Help Arizona’s ‘Midnight Raiders’

Pat Hartshorne Photos 2 1016022

Were your hummingbird feeders mysteriously drained during the night last summer? Did you know the midnight raiders were bats? Most of Arizona’s 28 bat species eat insects, but two drink nectar and eat pollen and fruits from saguaro, agave and hummingbird feeders.

The Arizona Game and Fish Department and the U.S. Fish and Wildlife Service, in cooperation from the Town of Marana, is seeking volunteers for the nighttime hummingbird feeder bat monitoring project.

Over the past several years, citizen scientists have graciously volunteered numerous hours each summer to monitor their hummingbird feeders for bats. They have provided valuable information that provides better understanding of the behavior of the federally endangered lesser long-nosed bats and the Arizona species of concern Mexican long-tongued bats. The lesser long-nosed bats migrate from Mexico and arrive in southern Arizona as saguaros begin to bloom. They continue traveling throughout Southern Arizona following the blooms of plants.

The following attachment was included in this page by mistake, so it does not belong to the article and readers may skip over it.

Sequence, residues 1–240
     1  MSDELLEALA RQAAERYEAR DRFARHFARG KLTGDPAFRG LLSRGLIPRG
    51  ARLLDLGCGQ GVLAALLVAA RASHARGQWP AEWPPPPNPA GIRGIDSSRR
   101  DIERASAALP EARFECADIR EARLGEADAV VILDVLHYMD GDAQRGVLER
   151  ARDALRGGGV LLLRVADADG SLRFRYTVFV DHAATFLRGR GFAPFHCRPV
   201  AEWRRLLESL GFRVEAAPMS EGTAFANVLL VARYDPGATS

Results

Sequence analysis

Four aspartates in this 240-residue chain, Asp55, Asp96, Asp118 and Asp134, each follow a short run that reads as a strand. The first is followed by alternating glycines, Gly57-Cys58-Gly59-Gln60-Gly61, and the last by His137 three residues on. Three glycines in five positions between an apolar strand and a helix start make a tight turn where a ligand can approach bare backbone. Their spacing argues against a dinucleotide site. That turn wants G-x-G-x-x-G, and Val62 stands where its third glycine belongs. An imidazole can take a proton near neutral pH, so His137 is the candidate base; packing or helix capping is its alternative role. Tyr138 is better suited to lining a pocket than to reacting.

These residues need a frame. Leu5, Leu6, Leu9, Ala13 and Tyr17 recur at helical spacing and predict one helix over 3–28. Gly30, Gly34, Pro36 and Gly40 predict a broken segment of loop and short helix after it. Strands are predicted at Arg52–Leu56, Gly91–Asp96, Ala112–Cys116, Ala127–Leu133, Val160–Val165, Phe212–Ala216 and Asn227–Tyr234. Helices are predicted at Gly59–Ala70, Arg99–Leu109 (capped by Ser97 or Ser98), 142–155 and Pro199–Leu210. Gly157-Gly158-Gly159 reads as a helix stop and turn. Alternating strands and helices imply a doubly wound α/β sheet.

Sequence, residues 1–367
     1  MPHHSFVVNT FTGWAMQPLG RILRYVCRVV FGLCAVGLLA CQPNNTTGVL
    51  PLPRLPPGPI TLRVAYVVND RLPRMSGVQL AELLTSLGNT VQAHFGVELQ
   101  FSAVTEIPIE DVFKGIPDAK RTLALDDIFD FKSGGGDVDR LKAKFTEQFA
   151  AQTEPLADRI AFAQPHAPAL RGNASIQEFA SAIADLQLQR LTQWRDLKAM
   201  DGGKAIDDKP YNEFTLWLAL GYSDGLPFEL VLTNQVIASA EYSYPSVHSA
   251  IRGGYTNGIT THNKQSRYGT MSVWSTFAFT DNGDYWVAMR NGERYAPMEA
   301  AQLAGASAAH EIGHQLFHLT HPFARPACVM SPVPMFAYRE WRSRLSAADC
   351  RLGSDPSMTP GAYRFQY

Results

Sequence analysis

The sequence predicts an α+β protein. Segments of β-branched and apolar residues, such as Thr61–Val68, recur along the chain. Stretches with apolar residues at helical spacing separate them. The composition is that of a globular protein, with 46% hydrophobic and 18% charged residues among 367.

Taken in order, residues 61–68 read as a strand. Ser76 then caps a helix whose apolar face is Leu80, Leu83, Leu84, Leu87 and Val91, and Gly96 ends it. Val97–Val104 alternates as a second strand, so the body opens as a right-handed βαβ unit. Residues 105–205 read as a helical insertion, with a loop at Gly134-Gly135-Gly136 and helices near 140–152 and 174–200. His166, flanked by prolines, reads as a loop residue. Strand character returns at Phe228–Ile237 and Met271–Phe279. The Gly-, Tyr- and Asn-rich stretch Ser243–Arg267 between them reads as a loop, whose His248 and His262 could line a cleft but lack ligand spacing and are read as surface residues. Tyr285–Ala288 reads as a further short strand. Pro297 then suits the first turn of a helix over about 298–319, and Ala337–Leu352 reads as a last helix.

If you enjoy watching wildlife and sitting on your porch during summer evenings please consider volunteering for this worthy cause. Your efforts will allow wildlife and resource managers in Arizona to better understand the ecology of these species. The project goals are to understand when the species arrive in Southern Arizona, determine foraging habits and movement patterns, and to document when the migratory species depart Arizona. With your help, the program should continue receiving valuable information and use it to understand the bats’ behavior as well as how to better protect them.

If you are interested in participating in the hummingbird feeder monitoring project this year, please visit the official website sponsored by the Town of Marana. The site allows participants to sign up as volunteers and download information about monitoring protocol.

Photo by Pat Hartshorne

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